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Thread: Overland Journal Project Land Rover Discovery 4 (LR4)

  1. #1
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    Default Overland Journal Project Land Rover Discovery 4 (LR4)

    Update: Current Image


    As many of you know, the Overland Journal staff really likes Land Rovers, especially the solid-axle, coil-sprung variety. Our personal vehicles include a 1991 RRC, 1995 DI (5-speed), Defender 110, DII, Series IIa, etc. We have all seen Land Rover take a completely different approach to vehicle design and systems since those classic, Camel Trophy era machines. I had all but discounted the new offerings, but my opinion on the newer Land Rovers changed when I purchased a Range Rover MKIII for my wife (Stephanie is the designer of Overland Journal) and then subsequently took a month-long trip in Australia with a Discovery 3 (LR3).


    From our trip into the outback of Australia. We drove thousands of miles in a well-used LR3 from ARB and had no issues, not even a flat.

    Reliability was improving rapidly for Land Rover, and these trucks were actually outperforming earlier models in certain conditions (especially cross-axle terrain). The final "aha" moment came during a chat with Ray Dinardi, General Manager of Land Rover Las Vegas. He was showing me his collection of classic BMW motorcycles and indicated that the area he was storing all these cool bikes used to be LR service bays. He said that in 2006, they had 25 technicians and worked 7 days a week on warranty work and repairs. The quality of the new Land Rovers has increased so significantly that he now employes only six technicians. This is big news - modern Land Rovers seem to be pretty reliable.

    I really enjoy Stephanie's MKIII Range Rover, so when I started considering what my next vehicle would be, I reviewed the available offerings. We had bought a JK Wrangler Rubicon (and drove it all the way to Panama), and of course I love my Discovery I, but it is becoming more of an office decoration than daily driver. It is also important that we test new products and new vehicles, so I decided to dip my toe into the dark and foreboding pool of modern overland vehicles. We considered several modern platforms, but none seemed interesting. We had been modifying and working with Jeep Rubicons for several years, so it was time to change it up.

    We obtained a 2012 LR4 for testing and put it through the paces. I really liked it.


    With the successful test, the decision was made to build a modern Land Rover into a serious exploration vehicle. It is surprising how many products are available for the LR4, so we made a list of solutions that would address concerns with the stock vehicle for long-distance remote travel. Land Rover provided a 2012 LR4 for the project and we wasted no time cutting plastic. The goal was to have the LR4 mostly finished by SEMA.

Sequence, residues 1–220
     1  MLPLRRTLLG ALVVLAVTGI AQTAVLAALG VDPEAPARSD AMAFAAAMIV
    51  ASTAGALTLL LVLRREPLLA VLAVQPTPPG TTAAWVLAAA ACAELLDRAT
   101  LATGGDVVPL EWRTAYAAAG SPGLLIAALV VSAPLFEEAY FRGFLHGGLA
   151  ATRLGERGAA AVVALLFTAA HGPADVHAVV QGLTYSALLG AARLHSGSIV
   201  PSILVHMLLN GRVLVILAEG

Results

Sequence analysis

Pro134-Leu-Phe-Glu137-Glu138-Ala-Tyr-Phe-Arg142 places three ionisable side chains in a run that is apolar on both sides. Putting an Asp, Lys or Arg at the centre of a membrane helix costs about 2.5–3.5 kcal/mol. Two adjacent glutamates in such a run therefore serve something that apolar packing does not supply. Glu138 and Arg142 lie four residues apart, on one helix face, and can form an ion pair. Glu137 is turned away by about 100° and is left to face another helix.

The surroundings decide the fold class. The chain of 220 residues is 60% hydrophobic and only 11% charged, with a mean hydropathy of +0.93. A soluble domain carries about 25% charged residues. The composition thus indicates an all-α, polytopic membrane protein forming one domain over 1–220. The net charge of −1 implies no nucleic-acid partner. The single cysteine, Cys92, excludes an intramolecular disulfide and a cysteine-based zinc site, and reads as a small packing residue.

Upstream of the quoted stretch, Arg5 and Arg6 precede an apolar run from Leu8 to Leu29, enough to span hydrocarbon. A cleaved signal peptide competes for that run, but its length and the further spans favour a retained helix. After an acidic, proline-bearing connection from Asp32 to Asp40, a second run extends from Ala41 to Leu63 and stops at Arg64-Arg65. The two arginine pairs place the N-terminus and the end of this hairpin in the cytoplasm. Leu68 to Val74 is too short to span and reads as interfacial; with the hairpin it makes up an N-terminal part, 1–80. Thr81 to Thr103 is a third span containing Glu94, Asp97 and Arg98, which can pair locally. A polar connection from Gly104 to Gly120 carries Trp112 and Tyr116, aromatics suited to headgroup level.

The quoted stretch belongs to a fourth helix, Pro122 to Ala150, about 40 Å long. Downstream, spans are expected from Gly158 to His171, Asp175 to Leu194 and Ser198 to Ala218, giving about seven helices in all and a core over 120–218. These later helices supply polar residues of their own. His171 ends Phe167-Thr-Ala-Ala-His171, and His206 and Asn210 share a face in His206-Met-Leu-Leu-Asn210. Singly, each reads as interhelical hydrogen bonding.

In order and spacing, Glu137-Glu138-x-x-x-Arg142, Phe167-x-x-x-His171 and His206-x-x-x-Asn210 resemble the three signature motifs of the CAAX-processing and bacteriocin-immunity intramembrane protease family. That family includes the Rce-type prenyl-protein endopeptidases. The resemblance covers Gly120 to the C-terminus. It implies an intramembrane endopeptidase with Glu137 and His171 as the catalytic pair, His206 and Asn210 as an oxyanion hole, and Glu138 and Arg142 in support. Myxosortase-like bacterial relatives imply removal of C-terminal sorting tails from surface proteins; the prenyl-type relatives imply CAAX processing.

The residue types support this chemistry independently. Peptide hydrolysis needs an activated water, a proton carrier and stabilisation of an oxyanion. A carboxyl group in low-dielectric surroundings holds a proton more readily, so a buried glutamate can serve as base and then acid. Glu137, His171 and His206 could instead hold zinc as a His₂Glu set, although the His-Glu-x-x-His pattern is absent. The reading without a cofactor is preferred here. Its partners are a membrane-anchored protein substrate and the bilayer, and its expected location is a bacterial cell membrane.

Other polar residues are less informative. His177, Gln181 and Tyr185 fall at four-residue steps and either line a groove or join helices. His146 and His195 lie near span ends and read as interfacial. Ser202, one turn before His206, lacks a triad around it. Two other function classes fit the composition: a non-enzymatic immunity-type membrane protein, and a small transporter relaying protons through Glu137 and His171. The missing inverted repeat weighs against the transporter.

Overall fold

It is silver with a tan interior




    Land Rover just took a similar vehicle (although diesel) half-way around the world. I know a few of the drivers from that trip and they told me the trucks did great - no major issues. Land Rover Millionth Discovery Expedition. I respect that Land Rover still supports significant overland expeditions like this.




    More details on planned modifications and progress later today. We also look forward to learning from those who have already modified LR3s and LR4s. Post up your impressions and ideas.

    Let's get started
    Last edited by Scott Brady; 09-26-2013 at 06:53 PM.
    Scott Brady
    Overland Journal
    D1 | LJ78 | LR4 | MKIII | J8 | G-Wagen | Range Rover Classic | TE630

  2. #2
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    Already rocking the ARB bumper?

  3. #3
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    Vermont, United States
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    Awesome! I drove the LR4 several months ago and fell in love with it. It was FAR more capable than my modified DII. Can't wait to see the progression of your LR4.

  4. #4
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    What are our initial plans?

    Protection: This truck needs protection to save the expensive sheetmetal.
    1. ARB Front Bumper
    2. Kaymar Rear Bumper
    3. Aluminum Rocker Protection
    4. Skid Plates for soft bits underneath

    Ground Clearance:
    1. Johnson Rods for 2.5" 'lift'. You basically gain 'normal mode' ride height clearance by stealing extension travel.
    2. Taller tires. 32.5" diameter to start. 33.5" on 18s to follow.

    Recovery:
    1. Front and rear recovery points
    2. Warn 9.5 winch with synthetic line

    Loading and Lashing: